By Chad Freeman
Baptist and Reflector
TRENTON — During the height of the Jesus Movement in 1972, 15-year-old Randy Pool, witnessed an explosion of students coming to faith in Christ. Students from all over the country flocked to Dallas, Texas’ Cotton Bowl stadium. Many students Pool personally knew from his hometown in Millington also attended the “Explo ’72” event.
The Campus Crusade for Christ (now Cru) event, drew more than 80,000 college and high school students.
“When they came back they had an excitement and enthusiasm that I just did not possess or experience,” he recalled.
A discerning youth minister noting Pool’s confusion, took Pool aside and explained the difference of “believing in and believing on” the Lord Jesus. For the first time, Pool truly understood what salvation was. That night he gave his life to Christ. The subsequent transformation in his life was as radical as the “Jesus Freak” term implied. Pool’s all-out involvement in multiple ministry opportunities gave ample evidence of his newfound life in Christ.
Years later, in 1989, Pool was appointed as a career missionary with the Foreign Mission Board (now the International Mission Board), and began serving in Central America where he remained for 11 years.
In 2000, Pool returned to the U.S. and was introduced to the Mississippi River Ministry (MRM). His introduction to the ministry started on a somewhat skeptical note. Pool was told of “pockets of poverty” on both
sides of the Mississippi River Delta that “resemble third-world poverty.” Pool found this description hard to believe, especially having just served over a decade in real third-world countries throughout Central America. Pool set out to see for himself and was astonished to discover that the poverty was indeed very real.
More troubling to Pool was the realization that he, along with so many churches, somehow never even notice this underserved people group. As Pool learned more about the ministry, he discovered that MRM took a cross-cultural approach to reaching this people group defined as “poverty.”
MRM began as a partnership with the North American Mission Board, a local association, and the Tennessee Baptist Mission Board. However, in 2013, the MRM’s three sources of funding dwindled down to one. Despite this hardship, the ministry grew to a partnership ministry involving eight states, under one singular purpose, “impacting lostness through touching poverty” by “connecting churches with the underserved affected by poverty.”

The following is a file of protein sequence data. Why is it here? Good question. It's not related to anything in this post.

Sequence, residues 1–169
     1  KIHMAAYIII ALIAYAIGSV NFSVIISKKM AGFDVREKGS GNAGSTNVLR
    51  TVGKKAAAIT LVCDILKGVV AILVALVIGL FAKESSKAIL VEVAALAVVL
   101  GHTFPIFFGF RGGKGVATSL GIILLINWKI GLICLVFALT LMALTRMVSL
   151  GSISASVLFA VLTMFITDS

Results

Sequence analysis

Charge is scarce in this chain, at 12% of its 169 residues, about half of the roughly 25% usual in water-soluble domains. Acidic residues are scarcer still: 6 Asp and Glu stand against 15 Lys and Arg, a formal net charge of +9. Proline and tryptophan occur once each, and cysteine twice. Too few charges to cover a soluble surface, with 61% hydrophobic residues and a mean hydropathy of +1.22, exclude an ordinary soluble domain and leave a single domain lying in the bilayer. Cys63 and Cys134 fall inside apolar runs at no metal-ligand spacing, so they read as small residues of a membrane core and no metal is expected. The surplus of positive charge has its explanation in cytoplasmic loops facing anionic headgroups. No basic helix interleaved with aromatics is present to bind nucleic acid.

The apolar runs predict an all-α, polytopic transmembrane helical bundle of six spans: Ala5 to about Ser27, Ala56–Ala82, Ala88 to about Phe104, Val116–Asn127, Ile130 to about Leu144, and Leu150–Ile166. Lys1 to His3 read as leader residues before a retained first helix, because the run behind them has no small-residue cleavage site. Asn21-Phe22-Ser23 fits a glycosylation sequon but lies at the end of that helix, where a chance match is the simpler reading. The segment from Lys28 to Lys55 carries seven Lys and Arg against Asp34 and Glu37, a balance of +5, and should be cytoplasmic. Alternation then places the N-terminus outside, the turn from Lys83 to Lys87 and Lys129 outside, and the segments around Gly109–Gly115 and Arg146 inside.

In 2013, the TBMB approached Pool and asked him to join the new “Harvest Plant” initiative. Pool considered this a great opportunity as it implemented missiological principles in Tennessee that he had used as an overseas missionary.
MRM has become an integral part of TBMB’s “Five Objectives.” As a compassion ministry, MRM spreads the gospel through local churches to the “underserved,” defined by Pool as “those who are not normally evangelized.” Among the four primary services, MRM trains churches on how to impact and evangelize low income families in their community.
In addition to evangelism and church growth, Pool states that the MRM promotes church revitalization. “One of the things I have discovered,” adds Pool, “is that a church’s health is greatly affected by the degree to which they will get outside of its walls.”
The ministry has not flourished without some resistance though. According to Pool, apathy and passivity are the strongest forces of resistance to the ministry.
“Some churches believe they do not have the resources to get involved in the ministry, while others believe they are doing enough,” Pool explains. Pool wants to encourage these churches to see that “the work does not begin until they get outside the walls of the church and into the field where the work is.
“My prayer for the last 15 years has been Matthew 9:37-38,” Pool said. “The harvest is truly plentiful, but the workers are few.” He said it is his desire that more workers will find their way out into the field where the work is being done. “God is already at work out there. They just need to join Him.”
The Mississippi River Ministry provides individuals and churches in Tennessee a unique opportunity to take an active part in seeing millions of lives transformed by the gospel of Christ. Pool encourages volunteers to reach out to these underserved through MRM programs such as Street Reach, Church without Doors, and Gallaway, to name a few.